Brandon Mitchell called the experience stressful and draining, but said coming to a unanimous decision was rewarding, Jennifer Mayerle reports (2:36) WCCO 4 News At 5 - April 28, 2021
- Reuters Videos
In Hong Kong, thousands of marine animals are freed every May in the lead up to Buddha’s birthday.The practice, known as “mercy release”, is believed to bring good fortune to people.However, the good intentions of the superstitious can often result in more harm to the animals, than good.Many of them are intentionally captured and sold just to be set free.They can get hurt and be left stranded in murky waterways where they normally don't belong.Sean Lai is the founder of Hong Kong Abandoned Tortoise Concern Group.He warns that releasing turtles in catchwater drains or ponds can kill them.“If they used to be cared for by humans, they won't be able to hunt in the wild, they may not be able to catch the fish, shrimp, or food they need, then they'll starve to death. Or due to the change of weather, they might freeze to death or die from the heat.”Lai and his group of volunteers snorkeled through muddy waters to save dozens of turtles left there by residents.They are now nursing more than 60 injured turtles in their homes.They also bury the dead turtles that did not survive long enough to be rescued.While mercy release is not illegal in the city, authorities say the practice can spread diseases and poses a risk to ecosystems.Paul Crow is a senior conservationist at Kadoorie Farm and Botanic Garden.“One, it's just directly, ecosystems that are receiving non-native animals can be changed by the arrival of those animals if they manage to survive…Potential disease, bacteria, virus, parasites from other countries, from the collection sources are all getting dumped without screening, or without sort of consideration of the public health risk as well."Other animals commonly involved in mercy releases in Hong Kong include frogs, insects, baby birds and fish.The Hong Kong Buddhist Association slams the practice as “inappropriate”, and recommends alternatives like adopting a vegetarian lifestyle.
- USA TODAY
A key Biden judicial nominee is poised for confirmation. Here's why that may matter for the Supreme Court.
Senate Republicans are taking a cautious approach to President Biden's judicial nominees, even though one of them may be bound for the Supreme Court.
- Associated Press
Screams and flying debris enveloped Umm Majed al-Rayyes as explosions hurled her from her bed in Gaza City. Groping in the dark, the 50-year-old grabbed her four children and ran as Israeli bombs struck their apartment building Wednesday, shattering windows, ripping doors to splinters and blasting away concrete. While casualties mounted this week in the most severe outbreak of violence between Israel and the Gaza Strip since a 2014 war, al-Rayyes and other Palestinians in the line of fire faced an all-too-familiar question: Where should we go?
Muslim countries must show a united and clear stance over Israel's conflict with the Islamist Hamas movement in Gaza, Turkey's vice president, Fuat Oktay, said on Thursday, criticising world powers for condemning violence without acting. "What we desire is that active measures are taken," Oktay told reporters after morning prayers marking the end of the Muslim fasting month of Ramadan. In several days of conflict, Hamas has fired volleys of rockets towards Israeli cities and Israel has launched air strikes against the Islamist faction in the Gaza Strip.
- Associated Press
For pro-Trump Republicans, removing Rep. Liz Cheney from House GOP leadership was relatively easy. The rush to punish Cheney for her criticism of former President Donald Trump and his loyalists is drawing a cast of Wyoming primary challengers so big it could ultimately help her win again next year. Another boost for Cheney is a pile of campaign money and a family legacy that has helped her before.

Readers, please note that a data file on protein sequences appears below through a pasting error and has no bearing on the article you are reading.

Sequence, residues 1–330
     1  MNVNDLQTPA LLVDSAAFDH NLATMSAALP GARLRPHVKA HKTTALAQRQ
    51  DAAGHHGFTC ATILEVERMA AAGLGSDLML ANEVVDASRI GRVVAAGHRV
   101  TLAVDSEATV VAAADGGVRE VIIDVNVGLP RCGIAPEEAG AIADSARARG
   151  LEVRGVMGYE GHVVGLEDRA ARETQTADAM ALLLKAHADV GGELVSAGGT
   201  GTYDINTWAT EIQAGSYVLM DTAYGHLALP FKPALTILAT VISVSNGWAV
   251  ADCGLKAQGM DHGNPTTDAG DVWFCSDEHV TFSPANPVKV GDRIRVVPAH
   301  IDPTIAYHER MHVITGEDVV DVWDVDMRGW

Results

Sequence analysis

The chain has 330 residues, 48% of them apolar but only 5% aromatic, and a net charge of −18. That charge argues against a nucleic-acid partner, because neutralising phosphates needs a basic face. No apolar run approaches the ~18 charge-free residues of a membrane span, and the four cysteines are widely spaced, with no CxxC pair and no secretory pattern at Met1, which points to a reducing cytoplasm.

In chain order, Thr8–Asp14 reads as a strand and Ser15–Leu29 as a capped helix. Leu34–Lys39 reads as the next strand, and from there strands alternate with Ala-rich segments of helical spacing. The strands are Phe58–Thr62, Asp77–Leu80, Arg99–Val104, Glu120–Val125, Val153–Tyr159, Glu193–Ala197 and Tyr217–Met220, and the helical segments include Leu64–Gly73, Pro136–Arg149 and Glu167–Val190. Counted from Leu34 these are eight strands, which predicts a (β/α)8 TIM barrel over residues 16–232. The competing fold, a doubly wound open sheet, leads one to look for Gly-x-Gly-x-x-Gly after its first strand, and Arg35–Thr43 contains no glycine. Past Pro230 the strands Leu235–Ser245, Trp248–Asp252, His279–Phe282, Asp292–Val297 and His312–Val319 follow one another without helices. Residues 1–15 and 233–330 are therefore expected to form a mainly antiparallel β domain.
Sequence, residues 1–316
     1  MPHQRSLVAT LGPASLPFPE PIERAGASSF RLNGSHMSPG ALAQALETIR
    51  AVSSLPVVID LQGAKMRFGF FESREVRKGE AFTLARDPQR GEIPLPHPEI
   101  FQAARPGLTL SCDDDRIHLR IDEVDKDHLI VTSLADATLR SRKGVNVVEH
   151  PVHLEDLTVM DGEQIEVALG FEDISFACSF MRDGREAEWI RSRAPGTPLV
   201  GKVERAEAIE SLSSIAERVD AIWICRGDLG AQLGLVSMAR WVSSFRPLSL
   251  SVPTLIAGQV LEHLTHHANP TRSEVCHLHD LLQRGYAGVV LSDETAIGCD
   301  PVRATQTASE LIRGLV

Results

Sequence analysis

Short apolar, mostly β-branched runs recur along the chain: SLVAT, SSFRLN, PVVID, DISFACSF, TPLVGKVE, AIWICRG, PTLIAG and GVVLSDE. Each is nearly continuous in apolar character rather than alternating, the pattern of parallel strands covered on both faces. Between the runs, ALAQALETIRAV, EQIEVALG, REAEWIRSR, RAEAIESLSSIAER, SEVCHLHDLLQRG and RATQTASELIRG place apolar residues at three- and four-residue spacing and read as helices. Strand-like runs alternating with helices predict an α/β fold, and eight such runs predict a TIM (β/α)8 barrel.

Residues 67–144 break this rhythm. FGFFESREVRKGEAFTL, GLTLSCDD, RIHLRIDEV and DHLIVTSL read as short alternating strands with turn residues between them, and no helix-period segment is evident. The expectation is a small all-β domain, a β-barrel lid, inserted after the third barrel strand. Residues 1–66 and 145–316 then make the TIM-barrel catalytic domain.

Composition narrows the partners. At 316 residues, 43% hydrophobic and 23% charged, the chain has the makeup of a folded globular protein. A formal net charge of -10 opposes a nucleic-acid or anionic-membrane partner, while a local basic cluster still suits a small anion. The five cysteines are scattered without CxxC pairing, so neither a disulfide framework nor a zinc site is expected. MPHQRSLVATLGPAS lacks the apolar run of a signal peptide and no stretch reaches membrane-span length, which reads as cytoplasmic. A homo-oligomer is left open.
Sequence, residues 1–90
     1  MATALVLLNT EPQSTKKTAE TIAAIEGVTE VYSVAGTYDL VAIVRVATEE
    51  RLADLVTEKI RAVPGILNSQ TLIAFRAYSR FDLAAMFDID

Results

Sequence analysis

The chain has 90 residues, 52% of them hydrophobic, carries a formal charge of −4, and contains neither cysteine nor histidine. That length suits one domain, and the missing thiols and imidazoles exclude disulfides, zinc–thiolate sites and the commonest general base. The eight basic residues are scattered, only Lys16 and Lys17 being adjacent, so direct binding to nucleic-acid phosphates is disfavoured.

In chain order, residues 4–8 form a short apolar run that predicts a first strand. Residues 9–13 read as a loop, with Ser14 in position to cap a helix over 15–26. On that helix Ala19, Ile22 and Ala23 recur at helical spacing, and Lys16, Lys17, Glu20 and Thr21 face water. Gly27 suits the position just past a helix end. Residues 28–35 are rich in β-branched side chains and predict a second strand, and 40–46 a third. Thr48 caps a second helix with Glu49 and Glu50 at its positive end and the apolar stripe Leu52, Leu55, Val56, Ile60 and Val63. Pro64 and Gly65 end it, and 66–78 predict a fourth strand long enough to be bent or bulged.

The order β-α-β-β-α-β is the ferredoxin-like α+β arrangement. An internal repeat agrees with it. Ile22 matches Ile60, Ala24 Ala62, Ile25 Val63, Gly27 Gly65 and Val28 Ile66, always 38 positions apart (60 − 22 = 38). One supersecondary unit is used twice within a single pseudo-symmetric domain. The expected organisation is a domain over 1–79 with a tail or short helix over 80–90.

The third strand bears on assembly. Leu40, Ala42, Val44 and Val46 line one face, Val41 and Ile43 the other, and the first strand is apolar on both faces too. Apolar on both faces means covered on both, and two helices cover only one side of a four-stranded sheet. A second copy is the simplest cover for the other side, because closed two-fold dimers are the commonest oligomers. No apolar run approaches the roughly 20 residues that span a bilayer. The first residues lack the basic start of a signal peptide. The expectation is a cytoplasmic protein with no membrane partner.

- The Week
George P. Bush applauds Liz Cheney's ouster, claims she doesn't 'stand up for conservative Republican ideology'
George P. Bush, the Texas land commissioner and son of former Florida Gov. Jeb Bush (R), applauded House Republicans on Wednesday for ousting Rep. Liz Cheney (R-Wyo.) from her position as the No. 3 House GOP leader. Bush tweeted that "we need leaders in Congress that stand up for conservative Republican ideology, and Liz Cheney is not that leader," over a quote in which he says Cheney should be "reigning [sic] fire" down on Biden, not "the president," presumably referring to former President Donald Trump. Republicans deserve leadership that represents the views of their constituents, not their own personal vendettas. We need leaders in Congress that stand up for conservative Republican ideology, and Liz Cheney is not that leader. pic.twitter.com/oqaoxAMTYQ — George P. Bush (@georgepbush) May 12, 2021 Bush, 45, has broken with the rest of his family by supporting Trump, but the Bushes also have a long, amicable history with the Cheney family, which "has deep ties to Texas," The Texas Tribune notes. "Former Vice President Dick Cheney, Liz Cheney's father, lived in Dallas between his tenure as President George H.W. Bush's secretary of defense and as President George W. Bush's vice president. In that time, he was the CEO of Halliburton, an oilfield services company." House Republicans demoted Cheney in a voice vote, so there's no record of how Texas Republicans voted, but several GOP House members from the state tweeted that they were proud to kick her out of leadership. "Prior to the insurrection, Cheney was considered one of the fastest rising GOP stars and among the toughest of hard-line conservatives — particularly on foreign policy," the Tribune reports. "She spent much of her career working in the State Department and as a Fox News contributor," before easily winning her House seat in 2016. Cheney now says she's playing a long game to wrest her party from the grasp of Trump's "destructive lies." More stories from theweek.comThe doom-loop of a falling fertility rateThe real reason Liz Cheney lost her jobDemocrats are fiddling while Republicans prepare to burn down Rome